Health Care 2020: Connecting the Dots

Part 3: Reference-Based Pricing

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Saving money while adding health care freedom

 Does this sound like the kind of health insurance you’d like to own?

  • Provider networks are eliminated. You choose any medical professional you prefer.
  • Your insurance premiums are lower, so you have more money for other needs, wants, and desires.
  • Annual premium increases will be minimal.
  • You know the price of care before receiving it.
  • You can choose based on quality as well as price.
  • You are free to build a strong relationship with your doctor and other medical professionals.
  • You are in charge, not the insurance company, doctors, or hospitals.
  • Medical professionals will have to compete to provide your health care. Even the medical providers can find out what everyone else is charging.
  • And this type of insurance won’t collapse the health care system as “Medicare for All” would do.


This may seem like a new way to pay for care, but it’s actually what almost every insured person did prior to HMOs and managed care medical delivery. The insurance company never told you what doctors to use – you chose the doctors you liked and trusted. The insurance company paid the bills based on a set amount. This allowed premiums to remain stable and affordable.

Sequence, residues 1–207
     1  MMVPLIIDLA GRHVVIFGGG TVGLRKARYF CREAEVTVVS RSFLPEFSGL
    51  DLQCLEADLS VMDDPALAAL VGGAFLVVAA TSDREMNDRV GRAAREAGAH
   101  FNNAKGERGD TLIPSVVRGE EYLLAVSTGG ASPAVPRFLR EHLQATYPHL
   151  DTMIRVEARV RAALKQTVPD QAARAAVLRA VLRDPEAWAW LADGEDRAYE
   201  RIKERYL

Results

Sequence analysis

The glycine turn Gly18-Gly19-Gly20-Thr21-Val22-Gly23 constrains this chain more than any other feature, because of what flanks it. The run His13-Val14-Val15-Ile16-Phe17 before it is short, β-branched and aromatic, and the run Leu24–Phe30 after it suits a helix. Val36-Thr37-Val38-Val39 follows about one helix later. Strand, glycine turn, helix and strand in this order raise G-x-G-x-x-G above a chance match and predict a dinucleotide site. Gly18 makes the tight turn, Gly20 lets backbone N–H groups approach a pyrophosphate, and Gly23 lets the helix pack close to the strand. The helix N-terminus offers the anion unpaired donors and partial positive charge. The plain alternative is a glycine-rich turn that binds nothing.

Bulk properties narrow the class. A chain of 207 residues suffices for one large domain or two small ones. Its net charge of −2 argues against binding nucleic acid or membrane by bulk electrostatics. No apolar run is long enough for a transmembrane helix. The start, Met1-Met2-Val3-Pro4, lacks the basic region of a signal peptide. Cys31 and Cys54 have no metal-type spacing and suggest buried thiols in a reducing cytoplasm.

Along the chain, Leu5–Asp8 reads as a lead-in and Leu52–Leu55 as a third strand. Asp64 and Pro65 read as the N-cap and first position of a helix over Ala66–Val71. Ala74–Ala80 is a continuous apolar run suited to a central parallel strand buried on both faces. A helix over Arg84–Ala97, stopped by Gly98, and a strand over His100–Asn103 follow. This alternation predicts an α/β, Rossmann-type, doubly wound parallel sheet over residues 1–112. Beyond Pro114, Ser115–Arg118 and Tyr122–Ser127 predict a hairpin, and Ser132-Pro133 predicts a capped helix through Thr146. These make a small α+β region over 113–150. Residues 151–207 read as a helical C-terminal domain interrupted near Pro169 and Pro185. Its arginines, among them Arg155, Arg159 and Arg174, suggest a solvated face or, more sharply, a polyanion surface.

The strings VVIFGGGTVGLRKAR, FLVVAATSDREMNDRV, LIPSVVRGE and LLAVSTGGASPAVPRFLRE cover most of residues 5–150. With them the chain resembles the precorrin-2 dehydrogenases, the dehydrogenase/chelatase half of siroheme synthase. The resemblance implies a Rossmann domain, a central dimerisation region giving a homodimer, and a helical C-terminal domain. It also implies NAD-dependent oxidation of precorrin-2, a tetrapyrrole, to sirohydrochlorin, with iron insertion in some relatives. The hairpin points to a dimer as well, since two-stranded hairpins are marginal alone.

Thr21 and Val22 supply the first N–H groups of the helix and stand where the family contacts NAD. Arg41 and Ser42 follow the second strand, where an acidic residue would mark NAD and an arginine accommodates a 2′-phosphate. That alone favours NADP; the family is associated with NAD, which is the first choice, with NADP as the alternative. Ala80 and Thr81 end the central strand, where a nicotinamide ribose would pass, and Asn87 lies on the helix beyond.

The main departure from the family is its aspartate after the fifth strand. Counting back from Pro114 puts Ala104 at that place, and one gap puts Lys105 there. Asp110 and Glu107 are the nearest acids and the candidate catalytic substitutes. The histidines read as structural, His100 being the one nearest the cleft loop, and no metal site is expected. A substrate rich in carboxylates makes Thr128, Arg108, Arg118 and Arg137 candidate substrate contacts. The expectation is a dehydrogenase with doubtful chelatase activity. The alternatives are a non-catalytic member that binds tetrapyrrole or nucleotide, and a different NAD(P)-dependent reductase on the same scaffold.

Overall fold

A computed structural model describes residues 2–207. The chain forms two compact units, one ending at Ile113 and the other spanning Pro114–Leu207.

The “new” way to pay is called Reference-Based Pricing – a self-managed health insurance policy.

How can you determine how much you will pay in premium? One option is to buy an insurance policy that pays the same as Medicare. This would reduce your premiums by 40-50% or more, depending on where you live. 


Or you might choose to buy a policy that pays 200% of Medicare’s allowed amount, which is a 100% tax (see Hidden Health Care Tax). At this level, your premiums would be much like they are today.


You choose the different tax amounts you are willing to pay over Medicare – 110%, 120%, 130%, etc. The more tax you elect, the greater your premium. Annual premium increases will be linked to Medicare’s annual increases. These are historically below two percent a year, making reference-based insurance premiums stable and keeping them affordable.


The doctor visit with the new insurance plan
Today, you go to the provider your health plan has chosen for you. You sign an agreement that you will pay whatever you are charged with no idea of how much the charge will be.


With reference-based insurance, the provider will give you a disclosure showing how much they charge related to Medicare. If the provider charges you the Medicare rate, no disclosure is necessary – but if more, that percent will be disclosed to you. If you agree with the additional charges above Medicare, you will sign an agreement showing your insurance company that you understand how much the provider charges above Medicare.